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Sleep Deprivation Makes Us Interpret Facial Expressions More Negatively

    Acute Sleep Loss News

    Science News

    Researchers at Uppsala University, Sweden, revealed how acute sleep loss makes people negatively evaluate facial expressions. The study is published in the journal Nature and Science of Sleep.

    The Study

    The research team examined 45 young men and women to understand how sleep-deprived people evaluate others’ faces. The participants spent one night with no sleep and one night with eight-hour sleep. Their eye movements were measured in the mornings following both nights with eye-tracking (a sensor technology that detects what a person is looking at in real-time). The data collected is further analyzed to decode how sleep-deprived people see others’ facial expressions.

    The Findings

    The results revealed that the sleep-deprived subjects spent less time fixating on facial expressions. And even if they did, they rated angry faces as less trustworthy and healthy-looking and neutral and fearful faces as less attractive.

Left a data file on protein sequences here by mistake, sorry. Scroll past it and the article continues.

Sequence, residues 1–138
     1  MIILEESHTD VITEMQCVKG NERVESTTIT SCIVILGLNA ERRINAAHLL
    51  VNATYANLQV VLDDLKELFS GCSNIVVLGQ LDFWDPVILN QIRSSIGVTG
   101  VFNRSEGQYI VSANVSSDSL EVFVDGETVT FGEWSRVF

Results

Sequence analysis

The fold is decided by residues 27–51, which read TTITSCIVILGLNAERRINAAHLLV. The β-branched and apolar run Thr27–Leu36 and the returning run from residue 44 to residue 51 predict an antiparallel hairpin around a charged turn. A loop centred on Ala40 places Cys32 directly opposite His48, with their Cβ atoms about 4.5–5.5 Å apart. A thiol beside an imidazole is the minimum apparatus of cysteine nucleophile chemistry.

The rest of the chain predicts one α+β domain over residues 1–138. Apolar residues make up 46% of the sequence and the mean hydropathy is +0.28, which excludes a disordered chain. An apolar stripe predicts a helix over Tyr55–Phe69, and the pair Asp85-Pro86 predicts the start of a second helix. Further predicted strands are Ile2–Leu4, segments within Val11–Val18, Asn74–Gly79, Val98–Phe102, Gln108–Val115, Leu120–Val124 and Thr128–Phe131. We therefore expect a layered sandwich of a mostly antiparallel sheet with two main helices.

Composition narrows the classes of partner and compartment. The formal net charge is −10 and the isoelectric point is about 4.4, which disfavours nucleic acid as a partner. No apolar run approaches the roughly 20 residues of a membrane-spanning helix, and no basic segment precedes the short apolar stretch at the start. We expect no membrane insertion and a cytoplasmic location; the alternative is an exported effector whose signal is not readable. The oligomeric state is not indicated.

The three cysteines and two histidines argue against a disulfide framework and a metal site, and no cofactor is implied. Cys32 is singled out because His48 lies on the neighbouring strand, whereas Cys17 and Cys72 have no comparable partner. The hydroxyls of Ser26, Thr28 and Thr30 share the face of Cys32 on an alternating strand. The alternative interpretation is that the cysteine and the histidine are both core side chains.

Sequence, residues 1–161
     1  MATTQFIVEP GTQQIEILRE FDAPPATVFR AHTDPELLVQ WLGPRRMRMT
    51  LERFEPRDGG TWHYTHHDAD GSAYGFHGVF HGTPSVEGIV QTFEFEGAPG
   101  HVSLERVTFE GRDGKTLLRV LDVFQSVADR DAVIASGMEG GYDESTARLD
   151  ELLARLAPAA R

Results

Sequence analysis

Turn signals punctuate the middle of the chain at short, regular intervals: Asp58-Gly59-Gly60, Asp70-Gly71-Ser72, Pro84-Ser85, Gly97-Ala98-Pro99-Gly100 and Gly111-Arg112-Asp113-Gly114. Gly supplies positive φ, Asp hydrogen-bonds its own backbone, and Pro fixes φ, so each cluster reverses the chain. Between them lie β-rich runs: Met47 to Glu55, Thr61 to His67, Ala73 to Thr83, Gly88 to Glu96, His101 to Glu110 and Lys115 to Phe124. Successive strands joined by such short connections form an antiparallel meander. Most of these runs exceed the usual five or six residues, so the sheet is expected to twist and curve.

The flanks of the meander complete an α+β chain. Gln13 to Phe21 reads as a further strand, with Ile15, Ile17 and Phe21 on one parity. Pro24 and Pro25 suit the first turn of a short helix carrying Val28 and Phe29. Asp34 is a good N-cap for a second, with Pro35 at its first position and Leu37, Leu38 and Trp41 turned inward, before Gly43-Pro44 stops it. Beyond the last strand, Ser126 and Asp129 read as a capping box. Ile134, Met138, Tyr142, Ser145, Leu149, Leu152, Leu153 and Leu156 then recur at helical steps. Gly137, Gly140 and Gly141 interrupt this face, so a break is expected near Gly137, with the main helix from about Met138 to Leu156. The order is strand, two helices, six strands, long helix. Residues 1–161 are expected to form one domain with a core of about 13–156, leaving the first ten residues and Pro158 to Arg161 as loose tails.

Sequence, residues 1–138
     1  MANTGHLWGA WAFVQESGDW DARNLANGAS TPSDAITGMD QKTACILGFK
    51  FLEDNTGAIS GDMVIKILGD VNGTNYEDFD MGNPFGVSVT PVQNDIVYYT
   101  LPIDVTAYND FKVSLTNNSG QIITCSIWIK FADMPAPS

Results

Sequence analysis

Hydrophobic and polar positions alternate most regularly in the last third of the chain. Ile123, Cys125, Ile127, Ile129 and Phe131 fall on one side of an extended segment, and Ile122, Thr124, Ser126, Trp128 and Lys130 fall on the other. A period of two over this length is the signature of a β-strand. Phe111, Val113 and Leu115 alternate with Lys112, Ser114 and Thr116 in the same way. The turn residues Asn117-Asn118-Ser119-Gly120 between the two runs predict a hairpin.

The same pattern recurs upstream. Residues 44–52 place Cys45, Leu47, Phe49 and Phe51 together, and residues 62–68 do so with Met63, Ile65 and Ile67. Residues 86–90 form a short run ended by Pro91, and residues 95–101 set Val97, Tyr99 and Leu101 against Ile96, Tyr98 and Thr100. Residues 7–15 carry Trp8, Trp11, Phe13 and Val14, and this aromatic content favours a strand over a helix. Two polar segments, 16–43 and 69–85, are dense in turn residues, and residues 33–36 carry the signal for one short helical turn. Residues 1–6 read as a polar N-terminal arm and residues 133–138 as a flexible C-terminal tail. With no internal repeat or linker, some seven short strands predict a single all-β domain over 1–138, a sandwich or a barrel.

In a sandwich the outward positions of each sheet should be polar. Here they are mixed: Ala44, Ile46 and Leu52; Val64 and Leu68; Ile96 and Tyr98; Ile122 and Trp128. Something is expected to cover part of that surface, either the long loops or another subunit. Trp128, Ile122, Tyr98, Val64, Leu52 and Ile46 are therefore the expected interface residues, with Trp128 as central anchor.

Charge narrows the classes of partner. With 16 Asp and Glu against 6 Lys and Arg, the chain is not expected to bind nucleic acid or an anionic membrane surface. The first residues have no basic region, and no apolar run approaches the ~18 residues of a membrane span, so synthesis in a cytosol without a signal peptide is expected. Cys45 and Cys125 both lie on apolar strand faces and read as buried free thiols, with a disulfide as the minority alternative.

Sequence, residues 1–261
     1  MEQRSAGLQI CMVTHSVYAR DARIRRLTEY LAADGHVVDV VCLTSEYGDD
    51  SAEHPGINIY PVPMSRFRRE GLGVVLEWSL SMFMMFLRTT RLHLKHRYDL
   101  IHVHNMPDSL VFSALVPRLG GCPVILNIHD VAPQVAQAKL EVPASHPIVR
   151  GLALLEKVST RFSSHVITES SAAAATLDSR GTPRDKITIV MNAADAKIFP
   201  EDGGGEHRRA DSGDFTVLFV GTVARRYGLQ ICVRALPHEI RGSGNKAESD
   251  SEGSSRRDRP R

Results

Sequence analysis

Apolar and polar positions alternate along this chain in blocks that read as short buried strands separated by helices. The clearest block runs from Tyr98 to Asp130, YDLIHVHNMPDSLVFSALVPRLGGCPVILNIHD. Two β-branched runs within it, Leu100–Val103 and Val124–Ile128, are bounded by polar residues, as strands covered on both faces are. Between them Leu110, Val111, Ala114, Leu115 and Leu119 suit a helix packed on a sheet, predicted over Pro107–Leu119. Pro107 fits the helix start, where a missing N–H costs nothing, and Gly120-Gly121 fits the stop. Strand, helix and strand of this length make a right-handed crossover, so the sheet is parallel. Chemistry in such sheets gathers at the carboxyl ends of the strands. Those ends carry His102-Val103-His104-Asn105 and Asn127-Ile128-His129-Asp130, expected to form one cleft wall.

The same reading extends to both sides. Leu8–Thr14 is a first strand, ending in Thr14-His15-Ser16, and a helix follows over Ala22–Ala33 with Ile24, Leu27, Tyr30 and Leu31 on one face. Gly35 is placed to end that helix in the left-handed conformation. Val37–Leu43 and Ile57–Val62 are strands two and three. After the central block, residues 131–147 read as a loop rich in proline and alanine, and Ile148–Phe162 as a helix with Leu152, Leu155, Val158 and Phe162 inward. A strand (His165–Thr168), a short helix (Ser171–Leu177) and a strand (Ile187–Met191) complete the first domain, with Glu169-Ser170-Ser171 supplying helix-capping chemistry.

How People With Acute Sleep Loss See Facial Expressions

    The researchers caution against the link between social withdrawal and chronic or acute sleep loss. One of the lead researchers, Christian Benedict, elaborated: “[The study] indicates that sleep loss is associated with more negative social impressions of others. This could result in less motivation to interact socially.”

    To Know More You May Relate To

    van Egmond, L. T., Meth, E., Bukhari, S., Engström, J., Ilemosoglou, M., Keller, J. A., Zhou, S., Schiöth, H. B., & Benedict, C. (2022). How Sleep-Deprived People See and Evaluate Others’ Faces: An Experimental Study. Nature and science of sleep, 14, 867–876.